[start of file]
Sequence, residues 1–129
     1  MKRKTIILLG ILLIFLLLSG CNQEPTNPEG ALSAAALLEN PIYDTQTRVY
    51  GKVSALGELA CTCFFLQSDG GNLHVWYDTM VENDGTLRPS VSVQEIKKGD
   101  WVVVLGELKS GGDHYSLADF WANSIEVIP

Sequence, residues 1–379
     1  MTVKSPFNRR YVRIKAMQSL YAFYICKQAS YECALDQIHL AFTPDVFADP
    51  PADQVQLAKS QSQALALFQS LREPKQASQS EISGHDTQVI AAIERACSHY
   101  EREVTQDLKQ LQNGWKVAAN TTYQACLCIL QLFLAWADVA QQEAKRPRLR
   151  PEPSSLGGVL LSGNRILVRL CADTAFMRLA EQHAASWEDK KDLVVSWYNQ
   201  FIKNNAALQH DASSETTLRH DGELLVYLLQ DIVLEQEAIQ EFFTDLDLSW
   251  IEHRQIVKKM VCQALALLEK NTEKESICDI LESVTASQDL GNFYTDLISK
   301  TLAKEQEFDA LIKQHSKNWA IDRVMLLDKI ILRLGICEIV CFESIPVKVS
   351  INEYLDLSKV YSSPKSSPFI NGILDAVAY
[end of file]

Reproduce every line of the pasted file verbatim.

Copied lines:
Sequence, residues 1–129
     1  MKRKTIILLG ILLIFLLLSG CNQEPTNPEG ALSAAALLEN PIYDTQTRVY
    51  GKVSALGELA CTCFFLQSDG GNLHVWYDTM VENDGTLRPS VSVQEIKKGD
   101  WVVVLGELKS GGDHYSLADF WANSIEVIP

Sequence, residues 1–379
     1  MTVKSPFNRR YVRIKAMQSL YAFYICKQAS YECALDQIHL AFTPDVFADP
    51  PADQVQLAKS QSQALALFQS LREPKQASQS EISGHDTQVI AAIERACSHY
   101  EREVTQDLKQ LQNGWKVAAN TTYQACLCIL QLFLAWADVA QQEAKRPRLR
   151  PEPSSLGGVL LSGNRILVRL CADTAFMRLA EQHAASWEDK KDLVVSWYNQ
   201  FIKNNAALQH DASSETTLRH DGELLVYLLQ DIVLEQEAIQ EFFTDLDLSW
   251  IEHRQIVKKM VCQALALLEK NTEKESICDI LESVTASQDL GNFYTDLISK
   301  TLAKEQEFDA LIKQHSKNWA IDRVMLLDKI ILRLGICEIV CFESIPVKVS
   351  INEYLDLSKV YSSPKSSPFI NGILDAVAY